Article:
Friday, October 30, 2015

Simplifying food: what popular culture can teach us about food

In the midst of abundant information about what constitutes a healthy diet, it is sometimes hard to decide what to believe and what to take serious. Nutrition labels are an incomprehensible list of ingredients. Medical experts fight about the healthiness of GMO’s (genetically modified organisms). And how do we know when an organic food label can or cannot be trusted?

These kind of food issues have infiltrated our society to such an extent that they also appear in the arts. Many food-related art projects criticize the food industry or the lack of sustainable food practices. However, some merely aim to illustrate human behaviors in relation to food, such us our perceptual biases of food size, or the excuses we use to justify unhealthy food choices. American pop artist Claes Oldenburg, for instance, created supersized soft sculptures of food objects in order to illustrate the increased availability of fast food in the 50s and 60s. Among his works are a sculpture of a giant hamburger, BLT (Bacon, Lettuce, Tomato) sandwich, and pretzels.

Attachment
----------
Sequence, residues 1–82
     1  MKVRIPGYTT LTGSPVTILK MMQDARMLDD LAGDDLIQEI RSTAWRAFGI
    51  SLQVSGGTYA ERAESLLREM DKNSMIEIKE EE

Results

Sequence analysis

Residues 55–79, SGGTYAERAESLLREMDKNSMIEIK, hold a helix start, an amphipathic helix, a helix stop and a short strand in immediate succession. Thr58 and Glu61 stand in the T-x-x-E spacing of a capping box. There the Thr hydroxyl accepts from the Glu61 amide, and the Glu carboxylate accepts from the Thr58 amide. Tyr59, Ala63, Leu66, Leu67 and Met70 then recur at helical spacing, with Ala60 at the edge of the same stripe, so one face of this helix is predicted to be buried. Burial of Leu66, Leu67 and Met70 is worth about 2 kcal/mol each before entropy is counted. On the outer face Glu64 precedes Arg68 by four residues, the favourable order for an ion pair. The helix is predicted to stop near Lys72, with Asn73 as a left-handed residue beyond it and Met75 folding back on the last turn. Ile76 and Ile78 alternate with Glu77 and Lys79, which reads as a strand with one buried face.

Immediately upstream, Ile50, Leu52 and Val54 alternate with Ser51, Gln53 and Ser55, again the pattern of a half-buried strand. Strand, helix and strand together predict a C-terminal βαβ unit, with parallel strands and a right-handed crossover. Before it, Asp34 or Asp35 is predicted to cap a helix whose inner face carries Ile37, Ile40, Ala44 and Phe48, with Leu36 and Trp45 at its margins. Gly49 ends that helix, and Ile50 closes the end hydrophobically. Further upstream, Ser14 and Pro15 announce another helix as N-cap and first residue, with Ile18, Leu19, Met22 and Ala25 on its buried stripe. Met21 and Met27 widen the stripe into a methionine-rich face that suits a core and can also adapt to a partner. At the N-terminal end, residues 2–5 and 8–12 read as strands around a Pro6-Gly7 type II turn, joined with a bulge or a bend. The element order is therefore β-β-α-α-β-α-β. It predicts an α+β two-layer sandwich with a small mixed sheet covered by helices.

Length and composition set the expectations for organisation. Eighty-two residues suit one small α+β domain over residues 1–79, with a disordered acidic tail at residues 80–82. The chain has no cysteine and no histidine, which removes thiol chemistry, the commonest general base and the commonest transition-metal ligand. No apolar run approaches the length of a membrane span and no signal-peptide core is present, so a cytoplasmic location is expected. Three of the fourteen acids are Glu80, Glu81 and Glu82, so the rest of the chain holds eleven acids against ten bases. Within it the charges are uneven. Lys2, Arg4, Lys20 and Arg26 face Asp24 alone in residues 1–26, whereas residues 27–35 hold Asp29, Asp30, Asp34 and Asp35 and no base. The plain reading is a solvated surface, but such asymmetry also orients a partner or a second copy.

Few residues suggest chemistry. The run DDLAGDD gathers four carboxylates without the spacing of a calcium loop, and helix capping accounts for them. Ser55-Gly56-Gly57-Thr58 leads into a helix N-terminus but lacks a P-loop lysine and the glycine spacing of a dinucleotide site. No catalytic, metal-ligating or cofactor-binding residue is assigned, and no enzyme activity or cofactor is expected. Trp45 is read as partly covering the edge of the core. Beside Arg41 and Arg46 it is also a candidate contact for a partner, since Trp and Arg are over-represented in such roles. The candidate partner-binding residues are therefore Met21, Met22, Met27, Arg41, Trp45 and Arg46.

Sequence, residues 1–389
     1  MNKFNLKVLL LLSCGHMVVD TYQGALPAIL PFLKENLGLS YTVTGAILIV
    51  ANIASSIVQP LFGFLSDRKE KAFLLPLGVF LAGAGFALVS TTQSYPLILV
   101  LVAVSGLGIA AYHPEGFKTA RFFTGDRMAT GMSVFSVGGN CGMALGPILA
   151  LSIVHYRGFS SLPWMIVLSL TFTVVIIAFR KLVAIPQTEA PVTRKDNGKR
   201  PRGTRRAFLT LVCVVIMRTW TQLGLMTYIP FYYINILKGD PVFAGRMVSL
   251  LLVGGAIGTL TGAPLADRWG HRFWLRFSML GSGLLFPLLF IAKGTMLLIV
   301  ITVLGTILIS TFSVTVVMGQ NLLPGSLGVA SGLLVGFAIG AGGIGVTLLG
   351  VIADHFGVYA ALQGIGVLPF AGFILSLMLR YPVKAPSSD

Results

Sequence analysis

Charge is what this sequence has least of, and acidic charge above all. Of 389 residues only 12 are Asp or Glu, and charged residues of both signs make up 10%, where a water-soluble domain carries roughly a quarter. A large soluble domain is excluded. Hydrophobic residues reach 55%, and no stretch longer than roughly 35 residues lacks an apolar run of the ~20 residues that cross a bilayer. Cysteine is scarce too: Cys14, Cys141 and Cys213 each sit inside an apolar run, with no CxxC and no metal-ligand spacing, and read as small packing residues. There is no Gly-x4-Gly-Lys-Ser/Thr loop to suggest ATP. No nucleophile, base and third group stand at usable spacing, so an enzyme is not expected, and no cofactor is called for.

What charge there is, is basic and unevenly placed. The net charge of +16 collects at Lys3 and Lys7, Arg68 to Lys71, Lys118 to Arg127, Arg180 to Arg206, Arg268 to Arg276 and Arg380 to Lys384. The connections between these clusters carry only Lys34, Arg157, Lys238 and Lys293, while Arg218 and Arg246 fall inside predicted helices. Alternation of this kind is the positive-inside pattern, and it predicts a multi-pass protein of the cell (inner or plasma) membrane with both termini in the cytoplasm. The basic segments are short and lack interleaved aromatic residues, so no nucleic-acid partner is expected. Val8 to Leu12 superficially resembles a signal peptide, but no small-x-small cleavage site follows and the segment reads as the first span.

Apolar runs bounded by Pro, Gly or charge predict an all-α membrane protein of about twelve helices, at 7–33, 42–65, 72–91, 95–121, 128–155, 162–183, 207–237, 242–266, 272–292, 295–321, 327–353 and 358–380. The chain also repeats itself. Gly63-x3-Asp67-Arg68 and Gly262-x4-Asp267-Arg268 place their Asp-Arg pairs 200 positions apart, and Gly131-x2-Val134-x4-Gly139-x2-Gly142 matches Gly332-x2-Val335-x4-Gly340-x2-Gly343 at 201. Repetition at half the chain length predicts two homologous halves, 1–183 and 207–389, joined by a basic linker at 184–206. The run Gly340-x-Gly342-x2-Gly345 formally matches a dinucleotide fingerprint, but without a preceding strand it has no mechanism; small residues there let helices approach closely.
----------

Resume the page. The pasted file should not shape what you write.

Floor Burger (1962) by Claus Oldenburg, source: 

Thursday, October 22, 2015

Être féministe : qu’est-ce que cela signifie ?

Au milieu du XXème siècle, les femmes n’avaient pas le droit de vote, elles n’avaient pas le droit d’ouvrir un compte en banque sans l’autorisation de leur conjoint, elles n’avaient pas le droit de disposer librement de leur corps… Si aujourd’hui, tous ces droits sont acquis, c’est grâce aux combats des mouvements féministes. Et pourtant, même si la plupart des femmes et des hommes adhèrent aux valeurs égalitaires des mouvements féministes, elles et ils refusent de s’identifier en tant que féministes. Pourquoi ?